The Ambatovy project is one of the world’s largest nickel extraction projects. We are developing the project with our partners, Canadian resource company Sherritt International Corporation and Korean state-owned resource company Korea Resources Corporation. The impact of Ambatovy goes beyond economic benefits brought about by revolutionizing Madagascar’s exports and creating significant employment opportunities for the Malagasy people. The project is also contributing significantly to the growth of Madagascar through the development of human resources that will build the future of Madagascar’s industries. We have been executing a number of Social Contribution Activities through which we aim to address the needs of the Malagasy people in and around Ambatovy with their best interests at heart. We would like to introduce just a few of them here. To our delight, the Ambatovy Project has enjoyed a warm and continuous support from the Malagasy people as a result of bot tangible and intangible benefits it has brought to their lives while forming bonds of trust between project operators and the local community.
Contributing to Sustainable Development
Sumitomo Corporation has partnered with Japan International Corporation Agency (JICA) on PAPRiz (Rice Productivity Improvement in Central Highland), their project creating awareness on the appropriate use of fertilizer for the country’s principle food crop. Ambatovy project produces Ammonium Sulphate as a by-product, which could be used as a chemical fertilizer, and the trial project has demonstrated the positive impact of the usage. To strengthen their activities, Sumitomo Corporation financed the printing of 40,000 booklets that give a better understanding of the value of chemical fertilizers, their economic efficiency and how to use them. In addition, Sumitomo Corporation financed 330 starter kits; with each kit containing rice seeds, several fertilizers (including Ammonium Sulphate) and a technical booklet, in order to contribute to the agriculturaldevelopment in Madagascar.
Contributing to biodiversity conservation
Madagascar is recognized for its rich biodiversity hotspot and abundance of endemic fauna and flora and the Ambatovy project places utmost importance on the protection of the environment. We aim to ensure that our presence results in a net gain for the area’s ecosystem.
Developing social infrastructure & human resources
The Ambatovy project has established a US$25 million fund to finance social and infrastructure projects in its intervention areas. Projects are selected in consultation with the Government of Madagascar and municipal governments. 17 main projects have been funded by the Social Investment Fund thus far.
Partial Scholarship Program for Learners of the Japanese Language
In March 2016, the Japanese language course was established at the University of Antananarivo for the first time. Due to the deep bond we have built with Madagascar over decades, Sumitomo Corporation decided to support Malagasy students who excel in Japanese studies at the University by providing them with partial scholarships. At the end of each semester, top five students from each grade are announced based on their academic results from the previous semester and awarded with scholarships to further motivate their learning. Madagascar has one of the largest number of learners of the Japanese language in Africa and it is our earnest hope that these learners will become the bridge between Madagascar and Japan in the future to take our existing partnership to a whole new level.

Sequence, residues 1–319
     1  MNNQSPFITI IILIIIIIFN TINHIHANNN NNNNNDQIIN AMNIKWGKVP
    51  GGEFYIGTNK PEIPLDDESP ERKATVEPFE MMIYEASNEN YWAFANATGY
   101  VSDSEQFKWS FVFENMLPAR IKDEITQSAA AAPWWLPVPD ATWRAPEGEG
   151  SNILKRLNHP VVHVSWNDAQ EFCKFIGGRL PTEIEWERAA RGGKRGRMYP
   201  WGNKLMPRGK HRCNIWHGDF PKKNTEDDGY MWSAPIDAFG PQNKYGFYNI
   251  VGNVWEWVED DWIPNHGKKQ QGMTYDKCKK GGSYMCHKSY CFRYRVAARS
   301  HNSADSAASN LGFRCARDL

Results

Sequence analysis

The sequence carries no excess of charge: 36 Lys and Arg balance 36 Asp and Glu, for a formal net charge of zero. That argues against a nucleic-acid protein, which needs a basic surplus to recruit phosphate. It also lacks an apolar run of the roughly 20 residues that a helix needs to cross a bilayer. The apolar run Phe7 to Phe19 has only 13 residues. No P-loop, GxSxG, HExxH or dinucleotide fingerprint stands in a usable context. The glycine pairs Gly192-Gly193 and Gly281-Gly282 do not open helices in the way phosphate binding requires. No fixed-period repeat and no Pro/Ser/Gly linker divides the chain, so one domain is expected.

The Kpone IPP Project – Beach clean-up & protecting sea turtles
Turtles play important roles in the marine ecosystem as well as the terrestrial environment. However, the alarming rate of the sea turtle population decline in recent decades due to human activities have put turtles under the threat of extinction. Kpone IPP project site is very close to the shore and the beach area is a nesting area for sea turtles between October and March. The project team carries out turtle monitoring activities to assess the threats to the turtles, determine potential impacts of the project on sea turtles in the area and recommend measures to protect them. In addition, the beach area is littered with solid waste which has a potential negative impact to human health and wildlife. In an effort to improve sanitation at the beach and encourage turtle nesting activities, clean up exercises are carried out regularly together with the local community.
Introducing Japanese culture
Sumitomo Corporation has been engaging in activities to introduce Japanese culture as part of its social contribution efforts. This is to help our offices and Group companies around the world build positive relations with local communities. We are convinced that by encouraging a deeper interest in and respect for Japanese culture among local communities where we do business, we can increase the number of Japanese fans and help Sumitomo to expand and actively promote our business activities. Our latest event was successfully held in Ghana in November 2016.
Clearing Landmines for a Better and Hopeful Future
Sumitomo Corporation began our support to Japan Mine Action Service (JMAS) from 2008 for their landmine removal project in Angola, which was successfully launched in the following year. We provided this Japanese NPO with financial assistance, office space, and a variety of necessary support, using the local network that we had built over many years through our operations in the country. In cooperation with JMAS, we promoted skills transfer and expedited landmine clearance. The project was successfully transferred from JMAS to INAD, the National Demining Institute in Angola, in May, 2017.